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Sweetened Beverages and Food Intake

This study has been completed.
Sponsor:
Collaborator:
Seattle Children's Hospital
Information provided by (Responsible Party):
Mario Kratz, University of Washington
ClinicalTrials.gov Identifier:
NCT00475475
First received: May 16, 2007
Last updated: April 30, 2012
Last verified: April 2012
  Purpose

The purpose of this study is to investigate whether beverages sweetened with fructose promote overconsumption of calories as compared to beverages sweetened with glucose or a non-caloric sweetener.


Condition Intervention
Overweight
Obesity
Behavioral: Fructose
Behavioral: glucose
Behavioral: non-caloric sweetener

Study Type: Interventional
Study Design: Allocation: Randomized
Intervention Model: Crossover Assignment
Masking: Double Blind (Subject, Investigator, Outcomes Assessor)
Primary Purpose: Prevention
Official Title: Sweetened Beverages and Food Intake

Resource links provided by NLM:


Further study details as provided by University of Washington:

Primary Outcome Measures:
  • Total energy consumed in the three diet periods. [ Time Frame: 8 days in each period ] [ Designated as safety issue: No ]

Secondary Outcome Measures:
  • Resting energy expenditure [ Time Frame: After 8 days of each dietary phase ] [ Designated as safety issue: No ]
    Resting energy expenditure, as measured by indirect calorimetry.

  • Fasting and postprandial plasma concentrations of satiety and adiposity signals. [ Time Frame: After 8 days of each dietary phase ] [ Designated as safety issue: No ]
    We will measure the fasting plasma concentration of leptin, adiponectin, ghrelin, insulin, glucagon-like peptide 1 (GLP-1), peptide YY (PYY), cholecystokinin (CCK), amylin, and oxyntomodulin, and the change in these endpoints in the two ours after a standardized meal has been consumed.

  • Fasting and postprandial plasma lipid and lipoprotein concentrations. [ Time Frame: After 8 days of each dietary phase ] [ Designated as safety issue: No ]
    We will measure the fasting plasma concentrations of total cholesterol, LDL-cholesterol, HDL-cholesterol, triglycerides, and free fatty acids, as well as the changes in these endpoints in the two hours following a standardized meal. We will also measure the fatty acid composition in the plasma phospholipids, and the free fatty acid fraction of plasma.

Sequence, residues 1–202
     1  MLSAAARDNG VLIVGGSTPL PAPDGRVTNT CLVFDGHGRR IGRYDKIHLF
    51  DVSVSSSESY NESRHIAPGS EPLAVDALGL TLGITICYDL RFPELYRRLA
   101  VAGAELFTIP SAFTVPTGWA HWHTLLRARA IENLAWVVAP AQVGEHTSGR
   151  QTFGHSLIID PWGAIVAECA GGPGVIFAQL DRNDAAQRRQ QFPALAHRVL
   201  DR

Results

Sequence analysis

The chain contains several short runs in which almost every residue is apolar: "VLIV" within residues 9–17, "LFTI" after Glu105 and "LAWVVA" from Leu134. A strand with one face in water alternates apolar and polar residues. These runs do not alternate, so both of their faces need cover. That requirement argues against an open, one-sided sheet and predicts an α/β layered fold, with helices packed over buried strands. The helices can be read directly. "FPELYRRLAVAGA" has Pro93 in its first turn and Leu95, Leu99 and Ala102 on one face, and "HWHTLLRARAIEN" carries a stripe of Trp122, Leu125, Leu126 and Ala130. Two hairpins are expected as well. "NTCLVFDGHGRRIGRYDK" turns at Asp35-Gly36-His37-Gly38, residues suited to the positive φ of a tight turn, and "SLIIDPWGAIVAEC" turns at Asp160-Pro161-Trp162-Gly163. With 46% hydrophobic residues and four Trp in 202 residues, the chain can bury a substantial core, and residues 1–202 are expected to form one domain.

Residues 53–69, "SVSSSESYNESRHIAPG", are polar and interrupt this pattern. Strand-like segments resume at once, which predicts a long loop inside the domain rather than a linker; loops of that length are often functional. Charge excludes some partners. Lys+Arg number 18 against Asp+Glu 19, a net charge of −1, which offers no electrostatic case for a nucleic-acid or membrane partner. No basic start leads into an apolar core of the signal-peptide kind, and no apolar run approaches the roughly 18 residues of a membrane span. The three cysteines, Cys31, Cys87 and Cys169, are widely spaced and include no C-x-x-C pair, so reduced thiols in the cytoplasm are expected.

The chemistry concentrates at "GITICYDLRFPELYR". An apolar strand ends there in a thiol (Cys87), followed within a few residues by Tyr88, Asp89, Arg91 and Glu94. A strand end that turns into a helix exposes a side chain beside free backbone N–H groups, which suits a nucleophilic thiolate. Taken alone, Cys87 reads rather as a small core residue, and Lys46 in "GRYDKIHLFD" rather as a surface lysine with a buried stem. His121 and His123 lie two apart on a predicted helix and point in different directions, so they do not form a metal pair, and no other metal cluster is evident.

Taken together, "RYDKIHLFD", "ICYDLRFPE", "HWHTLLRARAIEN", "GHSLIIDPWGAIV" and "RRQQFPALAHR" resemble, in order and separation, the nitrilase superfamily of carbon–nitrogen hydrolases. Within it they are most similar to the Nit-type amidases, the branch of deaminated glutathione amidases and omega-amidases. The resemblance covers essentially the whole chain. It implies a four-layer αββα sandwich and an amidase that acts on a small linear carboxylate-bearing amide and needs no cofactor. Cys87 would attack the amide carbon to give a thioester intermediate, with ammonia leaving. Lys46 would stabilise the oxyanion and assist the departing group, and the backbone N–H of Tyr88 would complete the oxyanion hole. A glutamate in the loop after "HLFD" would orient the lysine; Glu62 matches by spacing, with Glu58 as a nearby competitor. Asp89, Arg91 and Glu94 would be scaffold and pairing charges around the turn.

• Fasting plasma concentrations of inflammatory mediators. [ Time Frame: After 8 days of each dietary phase ] [ Designated as safety issue: No ]
    We will measure the fasting plasma concentrations of C-reactive protein (high sensitivity assay), interleukin-6 (IL-6), and the soluble tumor necrosis factor alpha receptors I & II.


Enrollment: 10
Study Start Date: May 2007
Study Completion Date: December 2011
Primary Completion Date: December 2011 (Final data collection date for primary outcome measure)
Arms Assigned Interventions
Experimental: 1
Fructose-sweetened beverage Subjects will be asked to drink 4 servings of a beverage sweetened with 100% fructose per day for 8 days, while consuming an ad libitum diet (same solid food for all three diet periods).
Behavioral: Fructose
25% of energy intake in the form of a fructose-sweetened beverage (arm 1), a glucose-sweetened beverage (arm 2), or an isovolumetric amount of a beverage sweetened with a non-caloric sweetener
Experimental: 2
Glucose-sweetened beverage Subjects will be asked to drink 4 servings of a beverage sweetened with 100% glucose per day for 8 days, while consuming an ad libitum diet (same solid food for all three diet periods).
Behavioral: glucose
25% of energy intake in the form of a fructose-sweetened beverage (arm 1), a glucose-sweetened beverage (arm 2), or an isovolumetric amount of a beverage sweetened with a non-caloric sweetener